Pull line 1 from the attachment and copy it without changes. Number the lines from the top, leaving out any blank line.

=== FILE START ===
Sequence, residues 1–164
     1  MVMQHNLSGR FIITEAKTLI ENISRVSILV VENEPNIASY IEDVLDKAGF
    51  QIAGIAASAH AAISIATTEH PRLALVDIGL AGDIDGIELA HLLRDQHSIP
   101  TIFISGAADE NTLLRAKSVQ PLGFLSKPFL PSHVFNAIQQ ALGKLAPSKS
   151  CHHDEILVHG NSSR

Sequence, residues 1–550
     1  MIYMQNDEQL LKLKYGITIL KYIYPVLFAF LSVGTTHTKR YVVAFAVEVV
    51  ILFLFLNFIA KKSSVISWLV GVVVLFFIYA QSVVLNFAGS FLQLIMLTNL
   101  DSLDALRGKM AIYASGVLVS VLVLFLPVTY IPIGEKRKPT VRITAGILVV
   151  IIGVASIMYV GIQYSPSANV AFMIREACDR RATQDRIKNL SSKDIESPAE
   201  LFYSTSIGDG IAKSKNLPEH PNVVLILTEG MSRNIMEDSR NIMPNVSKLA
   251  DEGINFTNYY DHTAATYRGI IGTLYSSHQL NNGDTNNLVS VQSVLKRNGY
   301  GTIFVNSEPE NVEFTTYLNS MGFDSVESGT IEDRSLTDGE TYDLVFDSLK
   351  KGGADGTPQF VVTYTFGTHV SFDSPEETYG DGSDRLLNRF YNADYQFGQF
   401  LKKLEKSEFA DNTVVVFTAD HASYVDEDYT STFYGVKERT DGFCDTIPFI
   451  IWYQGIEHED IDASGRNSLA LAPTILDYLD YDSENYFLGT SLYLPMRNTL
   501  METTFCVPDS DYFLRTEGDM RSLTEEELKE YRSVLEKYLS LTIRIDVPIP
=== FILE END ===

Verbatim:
Sequence, residues 1–164